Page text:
Shifting Gears: Viable Cycling for the Underserved of Fresno

Shifting Gears: Viable Cycling for the Underserved of Fresno
Fresno should make use of its canal and abandoned rail lines to have the best bicycling opportunities in the United States. It would benefit the entire population, especially low-income groups, provide health benefits, increase family income and attract needed dollars to Fresno’s economy. Potential Class I bicycle routes are outlined in gray on the map.

According to the last U.S. Census, 85% of Fresno’s population consists of minorities, women, youth, the elderly and low-income people.1 But the 1% of the population that cycles regularly comes from the remaining 15% of Fresnans. That 1% is largely male, White, able-bodied, middle-income and young or middle-aged.2 They have easy access to the present system, which offers the finest riding experiences.3

Why is this? In 2011, the League of American Bicyclists, one of the largest and oldest rating organizations in the United States, rated Fresno’s bicycling system as the fifth best in the nation.4

To date, the City of Fresno has spent $36 million to implement its Bicycle, Pedestrian and Trails Master Plan (BPTMP).5 To fully carry out the plan will require another $1.3 billion.6 Will this investment be effective to increase ridership beyond the existing 1%? Even fully implemented, the master plan infrastructure will not be attractive to these communities because the plan neglects a critically important factor—people’s fear of bicycling alongside automobiles.

The BPTMP, along with bicycle advocates and people who use the system now, say that those who do not bicycle just need to be taught how safe and fun bicycling is. The master plan has an entire section devoted to education and encouragement.7 Taking this approach places the burden on those who fear sharing the roads with vehicles and not on driver behavior.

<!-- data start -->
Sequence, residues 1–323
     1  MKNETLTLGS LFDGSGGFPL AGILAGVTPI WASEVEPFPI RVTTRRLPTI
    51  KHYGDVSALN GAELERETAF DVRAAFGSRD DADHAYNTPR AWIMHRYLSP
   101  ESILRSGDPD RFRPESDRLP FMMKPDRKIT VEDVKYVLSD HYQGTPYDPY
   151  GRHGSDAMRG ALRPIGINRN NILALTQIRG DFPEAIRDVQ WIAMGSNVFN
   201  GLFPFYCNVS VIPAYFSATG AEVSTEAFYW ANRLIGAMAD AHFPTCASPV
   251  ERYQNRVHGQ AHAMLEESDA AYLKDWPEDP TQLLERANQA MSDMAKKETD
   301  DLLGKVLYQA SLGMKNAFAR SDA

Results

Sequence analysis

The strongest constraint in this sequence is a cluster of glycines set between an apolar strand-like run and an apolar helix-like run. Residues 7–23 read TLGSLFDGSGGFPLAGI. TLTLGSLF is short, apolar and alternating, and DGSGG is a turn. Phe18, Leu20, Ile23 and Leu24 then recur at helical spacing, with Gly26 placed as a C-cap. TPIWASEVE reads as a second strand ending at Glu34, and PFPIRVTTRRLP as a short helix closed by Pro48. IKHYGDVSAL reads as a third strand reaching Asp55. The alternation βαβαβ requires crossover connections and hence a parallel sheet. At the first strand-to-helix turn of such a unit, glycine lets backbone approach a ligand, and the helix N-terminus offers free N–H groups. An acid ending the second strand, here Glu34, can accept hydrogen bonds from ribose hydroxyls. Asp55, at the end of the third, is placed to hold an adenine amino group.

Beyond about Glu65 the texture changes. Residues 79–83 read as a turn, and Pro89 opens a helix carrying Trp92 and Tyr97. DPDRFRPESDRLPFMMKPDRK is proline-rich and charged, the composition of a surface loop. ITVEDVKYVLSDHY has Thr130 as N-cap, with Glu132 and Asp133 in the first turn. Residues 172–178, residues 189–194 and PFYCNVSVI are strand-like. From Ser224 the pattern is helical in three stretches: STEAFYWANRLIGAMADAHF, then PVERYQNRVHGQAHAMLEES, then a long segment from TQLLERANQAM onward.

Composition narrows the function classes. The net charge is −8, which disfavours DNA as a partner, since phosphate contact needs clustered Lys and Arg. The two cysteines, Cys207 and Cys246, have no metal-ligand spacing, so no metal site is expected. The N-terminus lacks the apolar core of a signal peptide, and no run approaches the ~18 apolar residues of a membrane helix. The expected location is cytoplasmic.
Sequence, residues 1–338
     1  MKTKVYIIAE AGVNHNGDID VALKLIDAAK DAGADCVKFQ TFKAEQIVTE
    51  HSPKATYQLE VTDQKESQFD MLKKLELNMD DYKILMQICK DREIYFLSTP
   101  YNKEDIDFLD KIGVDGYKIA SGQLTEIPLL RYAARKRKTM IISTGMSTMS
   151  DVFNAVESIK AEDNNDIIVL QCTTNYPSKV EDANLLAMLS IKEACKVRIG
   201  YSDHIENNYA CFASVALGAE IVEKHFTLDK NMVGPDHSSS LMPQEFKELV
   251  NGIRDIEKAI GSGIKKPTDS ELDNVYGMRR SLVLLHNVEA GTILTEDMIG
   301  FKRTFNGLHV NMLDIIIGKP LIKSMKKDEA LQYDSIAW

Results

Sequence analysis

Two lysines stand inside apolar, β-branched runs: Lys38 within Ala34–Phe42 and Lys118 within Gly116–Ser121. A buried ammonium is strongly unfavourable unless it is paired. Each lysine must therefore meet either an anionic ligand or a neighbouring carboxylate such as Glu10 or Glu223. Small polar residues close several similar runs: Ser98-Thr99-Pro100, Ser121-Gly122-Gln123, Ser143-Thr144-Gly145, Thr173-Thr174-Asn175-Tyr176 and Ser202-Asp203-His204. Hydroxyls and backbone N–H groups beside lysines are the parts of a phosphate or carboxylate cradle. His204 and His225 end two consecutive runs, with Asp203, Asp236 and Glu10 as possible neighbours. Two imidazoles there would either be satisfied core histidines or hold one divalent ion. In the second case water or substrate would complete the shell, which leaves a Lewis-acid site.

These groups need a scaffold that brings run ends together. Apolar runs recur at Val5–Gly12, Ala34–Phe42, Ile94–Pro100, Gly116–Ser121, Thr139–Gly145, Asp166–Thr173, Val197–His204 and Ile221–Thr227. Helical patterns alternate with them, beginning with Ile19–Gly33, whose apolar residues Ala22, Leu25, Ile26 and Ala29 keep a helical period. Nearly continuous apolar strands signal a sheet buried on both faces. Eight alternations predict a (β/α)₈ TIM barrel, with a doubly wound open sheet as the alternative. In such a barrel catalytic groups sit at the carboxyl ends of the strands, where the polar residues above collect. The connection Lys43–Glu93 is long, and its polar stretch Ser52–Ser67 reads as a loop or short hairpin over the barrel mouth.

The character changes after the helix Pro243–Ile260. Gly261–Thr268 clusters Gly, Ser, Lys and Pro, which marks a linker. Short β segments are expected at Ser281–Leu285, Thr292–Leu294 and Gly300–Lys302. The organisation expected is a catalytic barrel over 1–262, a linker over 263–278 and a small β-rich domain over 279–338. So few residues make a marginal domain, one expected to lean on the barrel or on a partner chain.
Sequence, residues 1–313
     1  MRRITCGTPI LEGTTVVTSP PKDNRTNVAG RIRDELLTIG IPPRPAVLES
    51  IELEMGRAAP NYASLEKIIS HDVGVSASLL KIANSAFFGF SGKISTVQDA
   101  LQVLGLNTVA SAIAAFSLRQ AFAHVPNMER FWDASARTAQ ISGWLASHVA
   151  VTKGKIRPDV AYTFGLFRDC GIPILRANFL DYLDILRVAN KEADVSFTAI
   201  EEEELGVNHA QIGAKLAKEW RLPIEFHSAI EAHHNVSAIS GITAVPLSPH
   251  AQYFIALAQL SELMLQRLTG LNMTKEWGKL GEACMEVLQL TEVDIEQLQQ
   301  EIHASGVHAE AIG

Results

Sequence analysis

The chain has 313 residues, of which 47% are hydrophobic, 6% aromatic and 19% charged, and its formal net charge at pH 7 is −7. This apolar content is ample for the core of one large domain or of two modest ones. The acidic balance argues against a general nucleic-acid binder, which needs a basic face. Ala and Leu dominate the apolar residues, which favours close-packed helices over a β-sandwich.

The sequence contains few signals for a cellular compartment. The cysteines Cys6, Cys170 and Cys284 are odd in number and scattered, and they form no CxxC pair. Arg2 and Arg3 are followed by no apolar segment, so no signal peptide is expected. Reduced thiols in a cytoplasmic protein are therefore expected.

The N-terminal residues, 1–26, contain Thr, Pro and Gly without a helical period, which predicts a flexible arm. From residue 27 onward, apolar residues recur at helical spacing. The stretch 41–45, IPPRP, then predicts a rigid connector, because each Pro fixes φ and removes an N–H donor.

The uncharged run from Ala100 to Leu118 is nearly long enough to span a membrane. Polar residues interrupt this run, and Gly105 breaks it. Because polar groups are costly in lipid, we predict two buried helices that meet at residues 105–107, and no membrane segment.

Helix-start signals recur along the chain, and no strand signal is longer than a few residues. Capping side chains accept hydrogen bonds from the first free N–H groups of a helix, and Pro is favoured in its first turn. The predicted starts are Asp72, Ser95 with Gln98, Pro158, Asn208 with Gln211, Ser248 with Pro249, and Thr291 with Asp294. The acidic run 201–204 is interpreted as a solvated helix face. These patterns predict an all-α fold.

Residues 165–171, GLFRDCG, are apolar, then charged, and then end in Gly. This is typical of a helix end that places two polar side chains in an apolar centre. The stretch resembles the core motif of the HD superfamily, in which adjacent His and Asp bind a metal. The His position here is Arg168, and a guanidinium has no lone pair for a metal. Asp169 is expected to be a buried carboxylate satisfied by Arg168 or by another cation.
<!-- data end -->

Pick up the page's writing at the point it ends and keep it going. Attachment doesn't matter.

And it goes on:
The master plan suggests that people need to get over their fear of bicycling on streets with cars. However, such statements fail to acknowledge that cars are moving fast and weigh thousands of pounds, and motorists are often contemptuous of bicycle riders.

Instead of telling frightened people not to be afraid of what they have every reason to fear, the BPTMP should focus on creating facilities that remove the reason for that fear.

Most of the research carried out over the last decade on why people do not bicycle finds that lack of education is not the problem; traveling on roads with cars is the problem.8

In 2011, for the Fresno General Plan and Development Code update, a survey of bicycle users in Fresno showed that “most people [of Fresno] feel safer on Class I facilities”—that is, bicycle lanes completely separated from streets.9 For the development of the BPTMP, another survey yielded the same result.10

Yet the master plan states that the only really important obstacles to bicycling are things like freeway crossings or streets in county islands where bicycle lanes are not painted on the asphalt.11

The Brookings Institute declared that Fresno has the highest concentration of poverty in the United States.12 Many who live here cannot afford cars; they are transit-dependent even as bus service has been shrinking because of budget cuts.13 With the country still in the worst recession in a century, transit systems, which are heavily subsidized, are at risk of losing additional funds.14